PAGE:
• 12 April 2011
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EmTech India 2011 speakers give insights into vaccine R&D

Speakers at EmTech India 2011 spoke about the innovations that are being undertaken by their organizations and how these could be applied to business and strategy.

(L-R): Dr Sanjay Kakkar, trustee, Thrombosis Research Institute, Bangalore; Dr Chetan Chitnis, principal leader – Malaria Group, ICGEB, New Delhi; Prof D Balasubramanian, director of research, LV Prasad Eye Institute, Hyderabad; Mr Udaykumar Ranga, professor, JNCASR, Bangalore; and  Mr Jeffrey M Karp, assistant professor in Medicine at Harvard Medical School, US, took part in a panel discussion on ‘Activating the Innovation Gene’ held as part of EmTech 2011 in Bangalore, India, on March 22, 2011.

The EmTech India 2011 conference in its third edition in India saw several eminent personalities shed light on the emerging trends and the future of technology. The event, which is conducted every year by MIT's Technology Review’s India   edition by CyberMedia, Asia’s leading technology publisher, was held during 22-23 March in Bangalore.

The plenary session on day one of the event saw several speakers discuss the imperatives in the field of vaccine research. The speakers included Dr Chetan Chitnis, principal leader, Malaria Group, International Center for Genetic Engineering and Biotechnology (ICGEB), Delhi; Professor Udaykumar Ranga, Professor, JNCASR, Bangalore; Dr Sanjay Kakkar, Trustee, Thrombosis Research Institute, Bangalore and Dr Jeffrey M. Karp, HST Affiliate Faculty, Assistant Professor in Medicine at Harvard Medical School and Co-Director, Regenerative Therapeutics Center, Brigham & Women’s Hospital. The session was moderated by Dr D Balasubramanian, director of research, LV Prasad Eye Institute, Hyderabad.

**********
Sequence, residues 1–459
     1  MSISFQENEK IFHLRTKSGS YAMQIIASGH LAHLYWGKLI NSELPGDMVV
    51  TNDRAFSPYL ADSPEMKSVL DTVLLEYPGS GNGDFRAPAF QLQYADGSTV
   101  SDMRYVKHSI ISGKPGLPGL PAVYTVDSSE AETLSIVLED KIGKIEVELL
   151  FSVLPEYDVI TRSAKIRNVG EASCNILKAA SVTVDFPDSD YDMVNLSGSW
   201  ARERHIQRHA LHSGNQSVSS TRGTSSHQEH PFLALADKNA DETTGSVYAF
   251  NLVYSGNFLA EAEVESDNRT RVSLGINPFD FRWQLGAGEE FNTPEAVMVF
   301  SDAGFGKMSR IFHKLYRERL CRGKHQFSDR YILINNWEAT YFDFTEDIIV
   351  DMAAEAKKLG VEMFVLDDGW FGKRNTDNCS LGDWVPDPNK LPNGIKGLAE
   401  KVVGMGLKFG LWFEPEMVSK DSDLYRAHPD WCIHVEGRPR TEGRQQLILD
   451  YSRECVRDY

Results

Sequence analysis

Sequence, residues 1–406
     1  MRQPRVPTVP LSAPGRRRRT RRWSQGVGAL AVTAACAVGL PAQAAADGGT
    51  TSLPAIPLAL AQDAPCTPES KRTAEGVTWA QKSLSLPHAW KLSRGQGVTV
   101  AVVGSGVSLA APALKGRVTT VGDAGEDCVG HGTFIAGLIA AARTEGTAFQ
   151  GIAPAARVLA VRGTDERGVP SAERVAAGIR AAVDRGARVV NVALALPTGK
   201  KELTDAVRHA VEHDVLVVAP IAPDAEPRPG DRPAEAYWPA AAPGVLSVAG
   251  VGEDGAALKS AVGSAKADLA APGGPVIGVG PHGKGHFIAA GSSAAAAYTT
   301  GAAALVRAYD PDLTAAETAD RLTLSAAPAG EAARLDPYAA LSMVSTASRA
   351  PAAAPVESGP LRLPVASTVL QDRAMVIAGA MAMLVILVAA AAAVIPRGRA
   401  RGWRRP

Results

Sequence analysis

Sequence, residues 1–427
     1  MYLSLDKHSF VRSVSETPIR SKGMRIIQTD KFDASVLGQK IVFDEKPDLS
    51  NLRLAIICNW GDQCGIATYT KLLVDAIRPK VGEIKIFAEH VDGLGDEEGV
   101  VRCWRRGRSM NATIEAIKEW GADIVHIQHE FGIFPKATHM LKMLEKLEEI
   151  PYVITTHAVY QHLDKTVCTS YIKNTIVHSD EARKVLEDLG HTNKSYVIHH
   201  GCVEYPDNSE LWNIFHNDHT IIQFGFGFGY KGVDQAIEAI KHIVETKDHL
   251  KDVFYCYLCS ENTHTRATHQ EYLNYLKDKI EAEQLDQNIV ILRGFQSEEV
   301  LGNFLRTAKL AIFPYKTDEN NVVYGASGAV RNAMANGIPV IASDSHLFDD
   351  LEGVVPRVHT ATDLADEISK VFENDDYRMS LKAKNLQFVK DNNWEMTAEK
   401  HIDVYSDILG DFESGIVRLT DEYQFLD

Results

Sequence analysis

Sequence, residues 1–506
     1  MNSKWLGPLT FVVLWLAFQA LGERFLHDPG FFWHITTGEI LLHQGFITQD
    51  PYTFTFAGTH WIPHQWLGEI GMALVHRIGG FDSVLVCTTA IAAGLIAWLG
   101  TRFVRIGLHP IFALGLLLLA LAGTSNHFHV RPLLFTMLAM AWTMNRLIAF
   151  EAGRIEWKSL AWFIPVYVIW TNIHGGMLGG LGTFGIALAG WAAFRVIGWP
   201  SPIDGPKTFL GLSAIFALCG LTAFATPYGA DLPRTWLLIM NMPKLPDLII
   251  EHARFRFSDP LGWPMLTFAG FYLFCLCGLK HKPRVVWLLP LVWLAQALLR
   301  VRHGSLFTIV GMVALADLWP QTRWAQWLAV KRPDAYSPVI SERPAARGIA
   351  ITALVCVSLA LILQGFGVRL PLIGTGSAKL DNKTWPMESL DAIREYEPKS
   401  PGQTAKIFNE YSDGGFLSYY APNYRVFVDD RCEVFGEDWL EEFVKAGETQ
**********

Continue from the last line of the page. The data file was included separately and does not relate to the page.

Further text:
Dr Chitnis, while sharing his thoughts on the kind of innovation happening on developing vaccine against malaria, said, “We are developing a vaccine for P. vivax malaria based on PvRII. Methods to produce recombinant PvRII have been developed and efforts to identify an optimal adjuvant formulation are underway. Clinical grade P. falciparum vaccine candidate JAIVAC-1 has been manufactured under cGMP by an Indian biotechnology company, Bharat Biotech, Hyderabad.” Government of India's Million Death Study revealed that about 205,000 Indians under age 70 die annually due to Malaria. On the other hand, World Health Organization (WHO) reports put the figure at 15,000. 

Also, the Indian population is at high risk of heart attacks when compared with the population in the West because of many factors including, life style changes and smoking among others. Considering the increase in the number of people that are being diagnosed with cardiovascular diseases, Bangalore based Thrombosis Research Institute, has developed a DNA based saliva test to check the risk of heart disease.

Speaking at the panel discussion, Dr Kakkar said, 'The genetic test has been designed specifically for the indigenous population, using the Western technology. After verification and known risks, preventive measures for weight, adequate exercise and proper diet to reduce the risk of such losses can be started.”

Professor Ranga, while speaking on developments made by the team at the Molecular Biology and Genetics Unit, on developing HIV vaccine said, “India can look at utilizing the expertise gained in traditional medicine such as ayurveda, unani, siddha medicines over thousands of years, in developing poly herbal medicine for HIV. ”

Meanwhile, Dr Karp, pointed out that commercialization will always drive innovation.

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